Today Poveglia is uninhabited and tourism to island is strictly forbidden.  Every now and then the lapping waves on the shore uncover charred human bones.

Several psychics have visited the island the abandoned hospital, but all of them left scared to death of what they had sensed there.  Every now and then daredevils dodge the police patrols to explore the island, but everyone who has made it there have refused to return saying that there is a heavy atmosphere of evil and they the screams and tortured moans that permeate the island make staying there unbearable.

One report from a misguided thrill seeker who fled the island says that after entering the abandoned hospital, a disembodied voice ordered them, “Leave immediately and do not return.”

They never did.”

Holy fucking shit

(via muonna)

kidlove:

uglv:

Beagle puppy barking for the first time. “I…don’t know how to express my feelings!”

YOU SHOULD SEE MY FUCKIGN FACE LIL PUPPY UR SO CUTE MLOVE MER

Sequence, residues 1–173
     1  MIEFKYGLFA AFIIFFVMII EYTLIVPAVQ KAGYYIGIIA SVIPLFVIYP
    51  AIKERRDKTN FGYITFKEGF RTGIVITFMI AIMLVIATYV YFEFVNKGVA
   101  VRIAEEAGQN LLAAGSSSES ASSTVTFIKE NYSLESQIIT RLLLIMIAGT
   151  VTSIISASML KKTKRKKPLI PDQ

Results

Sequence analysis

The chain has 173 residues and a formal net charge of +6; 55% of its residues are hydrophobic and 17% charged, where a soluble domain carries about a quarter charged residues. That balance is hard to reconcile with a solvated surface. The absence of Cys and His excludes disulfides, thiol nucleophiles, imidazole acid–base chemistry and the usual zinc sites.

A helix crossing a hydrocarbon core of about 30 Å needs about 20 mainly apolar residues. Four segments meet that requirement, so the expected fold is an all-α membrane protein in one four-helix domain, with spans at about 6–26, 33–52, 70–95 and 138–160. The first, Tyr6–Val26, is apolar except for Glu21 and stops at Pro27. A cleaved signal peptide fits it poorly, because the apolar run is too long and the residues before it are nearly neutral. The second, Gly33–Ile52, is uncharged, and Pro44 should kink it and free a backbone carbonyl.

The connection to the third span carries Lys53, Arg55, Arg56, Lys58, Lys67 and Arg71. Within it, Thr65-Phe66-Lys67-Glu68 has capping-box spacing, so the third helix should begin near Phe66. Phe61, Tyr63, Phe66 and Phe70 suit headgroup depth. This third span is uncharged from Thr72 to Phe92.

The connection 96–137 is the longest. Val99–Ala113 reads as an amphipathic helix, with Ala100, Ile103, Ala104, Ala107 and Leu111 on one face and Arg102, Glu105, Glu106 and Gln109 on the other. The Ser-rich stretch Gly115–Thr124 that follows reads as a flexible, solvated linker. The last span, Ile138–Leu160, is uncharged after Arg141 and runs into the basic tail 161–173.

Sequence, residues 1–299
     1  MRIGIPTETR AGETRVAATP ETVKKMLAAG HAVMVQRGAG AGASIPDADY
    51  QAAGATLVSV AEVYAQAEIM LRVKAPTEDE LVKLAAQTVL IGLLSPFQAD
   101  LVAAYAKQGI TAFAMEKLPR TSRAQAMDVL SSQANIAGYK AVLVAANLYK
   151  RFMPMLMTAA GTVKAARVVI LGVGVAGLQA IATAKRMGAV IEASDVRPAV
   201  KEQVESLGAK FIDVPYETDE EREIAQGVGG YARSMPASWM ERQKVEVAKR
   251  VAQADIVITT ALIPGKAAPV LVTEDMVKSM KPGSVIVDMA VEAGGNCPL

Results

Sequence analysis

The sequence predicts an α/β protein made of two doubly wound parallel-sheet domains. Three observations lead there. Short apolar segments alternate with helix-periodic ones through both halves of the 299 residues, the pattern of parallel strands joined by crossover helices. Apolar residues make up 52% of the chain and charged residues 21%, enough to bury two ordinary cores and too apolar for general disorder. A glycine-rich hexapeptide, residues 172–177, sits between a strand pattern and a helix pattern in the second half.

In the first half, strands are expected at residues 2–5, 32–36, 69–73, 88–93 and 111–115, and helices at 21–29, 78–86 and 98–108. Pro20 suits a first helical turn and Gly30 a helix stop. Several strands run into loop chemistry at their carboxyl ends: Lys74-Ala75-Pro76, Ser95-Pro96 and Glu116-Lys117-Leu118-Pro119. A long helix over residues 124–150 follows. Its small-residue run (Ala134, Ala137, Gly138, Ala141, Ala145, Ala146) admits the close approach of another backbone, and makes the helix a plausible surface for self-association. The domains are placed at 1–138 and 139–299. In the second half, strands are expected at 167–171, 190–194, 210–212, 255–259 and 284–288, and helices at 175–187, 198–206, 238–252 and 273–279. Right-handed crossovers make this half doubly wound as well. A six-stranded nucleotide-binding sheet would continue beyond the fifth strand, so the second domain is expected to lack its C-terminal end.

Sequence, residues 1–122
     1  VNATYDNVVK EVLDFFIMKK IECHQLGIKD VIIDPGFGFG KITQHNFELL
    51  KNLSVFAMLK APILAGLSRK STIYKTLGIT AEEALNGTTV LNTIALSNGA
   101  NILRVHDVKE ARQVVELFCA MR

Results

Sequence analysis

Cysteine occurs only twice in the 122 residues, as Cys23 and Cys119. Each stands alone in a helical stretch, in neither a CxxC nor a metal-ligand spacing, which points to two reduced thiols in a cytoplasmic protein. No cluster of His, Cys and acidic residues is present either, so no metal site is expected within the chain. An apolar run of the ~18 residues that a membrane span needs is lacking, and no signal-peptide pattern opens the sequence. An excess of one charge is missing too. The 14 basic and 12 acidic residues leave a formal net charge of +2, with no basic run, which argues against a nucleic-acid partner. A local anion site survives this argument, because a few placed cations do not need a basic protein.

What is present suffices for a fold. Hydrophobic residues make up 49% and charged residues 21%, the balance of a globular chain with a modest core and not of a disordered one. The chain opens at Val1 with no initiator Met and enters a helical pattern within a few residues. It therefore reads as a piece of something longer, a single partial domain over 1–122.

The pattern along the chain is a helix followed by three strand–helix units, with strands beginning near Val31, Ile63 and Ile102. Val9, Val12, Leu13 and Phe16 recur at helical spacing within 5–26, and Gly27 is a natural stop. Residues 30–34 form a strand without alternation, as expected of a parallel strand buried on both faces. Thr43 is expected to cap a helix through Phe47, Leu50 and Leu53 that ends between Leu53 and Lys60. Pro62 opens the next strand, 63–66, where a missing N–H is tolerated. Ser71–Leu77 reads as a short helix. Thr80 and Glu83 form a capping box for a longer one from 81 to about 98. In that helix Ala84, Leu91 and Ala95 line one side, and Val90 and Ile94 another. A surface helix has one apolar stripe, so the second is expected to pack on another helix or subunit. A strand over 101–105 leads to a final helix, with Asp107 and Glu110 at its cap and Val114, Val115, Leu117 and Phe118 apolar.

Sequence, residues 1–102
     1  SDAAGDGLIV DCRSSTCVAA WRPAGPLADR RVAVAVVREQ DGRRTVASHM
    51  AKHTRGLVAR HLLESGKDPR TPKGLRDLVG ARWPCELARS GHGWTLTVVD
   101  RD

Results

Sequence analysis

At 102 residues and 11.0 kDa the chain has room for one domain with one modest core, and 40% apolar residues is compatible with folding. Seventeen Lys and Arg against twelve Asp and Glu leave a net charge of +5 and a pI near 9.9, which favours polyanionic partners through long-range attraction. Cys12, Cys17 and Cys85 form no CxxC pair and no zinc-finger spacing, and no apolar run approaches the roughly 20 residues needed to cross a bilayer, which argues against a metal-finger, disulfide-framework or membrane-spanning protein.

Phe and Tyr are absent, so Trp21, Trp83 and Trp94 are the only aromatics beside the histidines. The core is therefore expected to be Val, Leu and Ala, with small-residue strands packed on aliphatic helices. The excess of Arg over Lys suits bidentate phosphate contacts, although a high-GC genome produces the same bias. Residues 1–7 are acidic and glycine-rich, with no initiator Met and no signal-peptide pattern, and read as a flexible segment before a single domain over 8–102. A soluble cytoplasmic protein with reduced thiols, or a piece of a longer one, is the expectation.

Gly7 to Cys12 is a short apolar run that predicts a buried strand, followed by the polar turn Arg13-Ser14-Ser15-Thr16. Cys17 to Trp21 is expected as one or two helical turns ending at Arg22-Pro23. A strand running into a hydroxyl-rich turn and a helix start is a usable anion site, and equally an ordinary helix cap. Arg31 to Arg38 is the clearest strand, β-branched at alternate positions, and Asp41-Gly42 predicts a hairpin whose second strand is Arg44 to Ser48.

yaaaaaaaas, i fuckin lov dogs 

(Source: videohall, via bucky-barnes-booty)

shezzablue:

missmindicarriesbaby5:

jesseproch:

emt-monster:

Please reblog if you know anyone who might take party drugs.

I’m not an emt yet, but everytime I see someone do drugs, I just hope they’re smart enough to remember these points.

I really love this, because as someone with anxiety when I did take party drugs way back when I was always scared of going to the hospital because I didnt want to be arrested…..even when I bad tripped and cried in the bathroom for 10 hours because I thought Jeff was trying to murder me. I dont do party drugs anymore, but it still is comforting to me….seriously.

Most EMTS and medics I’ve met are some of the most non-judgmental folks ever. Look, we love helping people and saving lives. That’s what we went to school for. Help us help you, and everyone will fare better for it. 

(via muonna)

molecularlifesciences:

Top 5 misconceptions about evolution: A guide to demystify the foundation of modern biology.

Version 1.0

Here is an infographic to help inform citizens.  From my experience most people who misunderstand evolution are actually misinformed about what science is and how it operates.  That said, here are five of the biggest barriers faced when one explains evolution - I have faced these and they are documented in the literature.

I hope you can build on my work and improve the communication between the scientists and the public.